Since the Denver Broncos put the finishing touches on a decisive 24–10 win over the Carolina Panthers in Super Bowl 50, there’s been a distinct afterglow in the city.

At gas stations, cashiers and customers swap smiles and quips about the demolition of Cam Newton, the NFL’s MVP who was reduced to rubble by the Denver D. At elementary schools, kids line up in their blue and orange jerseys, buzzing about the first championship they’ve witnessed in their lifetimes. And at workplaces across the metropolis, bosses begin their weekly meetings with mention of the team’s gridiron feat.

This is a city that’s not unfamiliar with championships, yet Sunday’s victory had an altogether different feeling to it. This was not simply the franchise’s third Super Bowl title; it was a win that quenched a long-endured thirst, a win to be considered a crossroads of sorts for everyone involved.

For Peyton, it was a final chapter only the football gods could pen. He collected his second Vince Lombardi Trophy and became the first quarterback to win titles with two different teams. He notched career win number 200, passing Brett Favre for first on the all-time list.

Who cares if he had the worst season ever by a Super Bowl-winning QB? Who cares if Denver’s 194 yards of total offense were the fewest by a winning team in Super Bowl history? Peyton’s going to stuff two rings in his ears to tune out the haters and ride into the sunset as one of the greatest signal callers ever—and if we’re lucky, his yet-to-be-announced retirement will open up his schedule for more commercial cameos. (Cue the refrains of “chicken parm you taste so goooood.”)

For the Denver D, the Super Bowl was the exclamation point on an already historical season. Game MVP Von Miller (six tackles, two crucial strip-sacks) and his comrades dominated the game’s every facet, from limiting Panthers’ running back Jonathan Stewart to 2.4 yards per carry to flustering Newton to the tune of six sacks to making the Carolina receivers virtually irrelevant.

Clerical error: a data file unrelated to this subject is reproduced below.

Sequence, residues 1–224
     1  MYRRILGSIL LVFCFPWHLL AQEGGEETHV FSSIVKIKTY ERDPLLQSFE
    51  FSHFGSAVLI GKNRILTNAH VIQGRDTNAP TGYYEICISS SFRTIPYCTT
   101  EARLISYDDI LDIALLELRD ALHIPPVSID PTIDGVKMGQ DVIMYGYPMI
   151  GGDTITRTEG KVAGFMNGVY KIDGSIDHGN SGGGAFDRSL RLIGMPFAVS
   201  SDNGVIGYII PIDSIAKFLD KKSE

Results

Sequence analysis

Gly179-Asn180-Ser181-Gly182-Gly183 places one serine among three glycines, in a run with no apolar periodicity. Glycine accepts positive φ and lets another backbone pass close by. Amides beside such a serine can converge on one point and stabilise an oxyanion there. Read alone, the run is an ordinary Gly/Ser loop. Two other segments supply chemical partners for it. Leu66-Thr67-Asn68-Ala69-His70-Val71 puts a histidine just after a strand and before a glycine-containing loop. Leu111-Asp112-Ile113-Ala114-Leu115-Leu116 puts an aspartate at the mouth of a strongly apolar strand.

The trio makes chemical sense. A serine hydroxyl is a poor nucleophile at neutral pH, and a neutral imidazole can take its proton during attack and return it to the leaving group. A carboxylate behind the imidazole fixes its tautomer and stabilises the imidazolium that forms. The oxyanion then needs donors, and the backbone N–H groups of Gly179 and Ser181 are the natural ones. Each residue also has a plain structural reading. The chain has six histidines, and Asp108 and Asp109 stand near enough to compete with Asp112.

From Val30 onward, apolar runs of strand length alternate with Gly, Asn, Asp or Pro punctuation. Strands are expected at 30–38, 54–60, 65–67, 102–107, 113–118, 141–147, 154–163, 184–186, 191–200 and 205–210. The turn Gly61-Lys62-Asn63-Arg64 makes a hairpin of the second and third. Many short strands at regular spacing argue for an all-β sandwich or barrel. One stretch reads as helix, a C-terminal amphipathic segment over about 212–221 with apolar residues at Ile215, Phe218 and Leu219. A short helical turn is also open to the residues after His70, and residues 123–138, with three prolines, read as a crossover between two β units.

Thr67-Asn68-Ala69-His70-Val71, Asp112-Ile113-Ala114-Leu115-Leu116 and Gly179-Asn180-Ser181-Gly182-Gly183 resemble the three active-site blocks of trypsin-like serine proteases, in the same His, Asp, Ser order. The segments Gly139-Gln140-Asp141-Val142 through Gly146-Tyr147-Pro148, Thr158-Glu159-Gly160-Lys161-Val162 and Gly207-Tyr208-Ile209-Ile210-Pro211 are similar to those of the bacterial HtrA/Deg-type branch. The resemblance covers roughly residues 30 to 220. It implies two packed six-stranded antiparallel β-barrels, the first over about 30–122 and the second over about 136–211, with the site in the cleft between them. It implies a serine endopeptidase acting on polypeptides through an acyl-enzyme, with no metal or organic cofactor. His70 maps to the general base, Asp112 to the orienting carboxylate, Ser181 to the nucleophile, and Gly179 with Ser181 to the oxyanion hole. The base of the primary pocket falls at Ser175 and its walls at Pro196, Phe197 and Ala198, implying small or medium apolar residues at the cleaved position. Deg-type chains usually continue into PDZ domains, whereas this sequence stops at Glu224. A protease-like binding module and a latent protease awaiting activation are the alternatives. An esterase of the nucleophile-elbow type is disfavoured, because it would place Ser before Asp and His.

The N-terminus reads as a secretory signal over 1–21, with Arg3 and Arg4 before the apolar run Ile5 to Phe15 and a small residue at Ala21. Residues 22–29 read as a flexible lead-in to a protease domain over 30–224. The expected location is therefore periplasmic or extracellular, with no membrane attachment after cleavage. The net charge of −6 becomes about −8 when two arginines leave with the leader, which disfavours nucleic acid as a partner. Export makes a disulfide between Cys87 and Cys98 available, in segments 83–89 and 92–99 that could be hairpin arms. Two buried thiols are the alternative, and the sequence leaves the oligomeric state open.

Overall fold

Oh, and the unit was directly or indirectly responsible for 14 of Denver’s 24 points. 1985 Bears who? 2000 Baltimore Ravens who? This defense, as linebacker Brandon Marshall asserted in his post-game press conference, is “the greatest defense to ever do it. Ever.” (According to a USA Today analysis, the Broncos’ D statistically ranks in the top 10 of all-time, but isn’t number one. We’ll let that slide.)

For John Elway, the win further cemented his status as a football immortal, for he is now the first man to ever win Super Bowl titles as a player and as a general manager. He’s also a man who’s now come full circle in Colorado lore—in 1998 it was owner Pat Bowlen declaring, “This one’s for John,” while Sunday it was John returning the favor with “This one’s for Pat.”

For the city of Denver and the rabid Broncos fan base, this was a title a long time coming. Since the last Super Bowl victory it’s been nearly two decades of up-and-down play, sometimes bad, sometimes good, most times maddeningly mediocre. There was the pain of getting to the precipice two years ago against the Seahawks, then taking a nosedive off the Super Bowl cliff. So today, when hundreds of thousands of people pack downtown to dance under confetti and pay homage to the latest Broncos greats, it’ll be a sight for sore eyes.

Lastly, but perhaps most importantly, this title raises questions on how to repeat the victory. The Broncos must lock up Von Miller, most logically via the franchise tag. And while they’ve got other free-agent defensive priorities such as Malik Jackson and Danny Trevathan, Denver might need to let one or both of those guys walk in order to secure quarterback Brock Osweiler, who in his seven-game audition this year proved he deserves to take the reins.

For as this city knows well by now, the afterglow of a championship season like this is hard to top—and we sure don’t want 18 years to pass before we can bask in it again.

(Slideshow: Scenes from the Broncos Super Bowl Parade & Rally)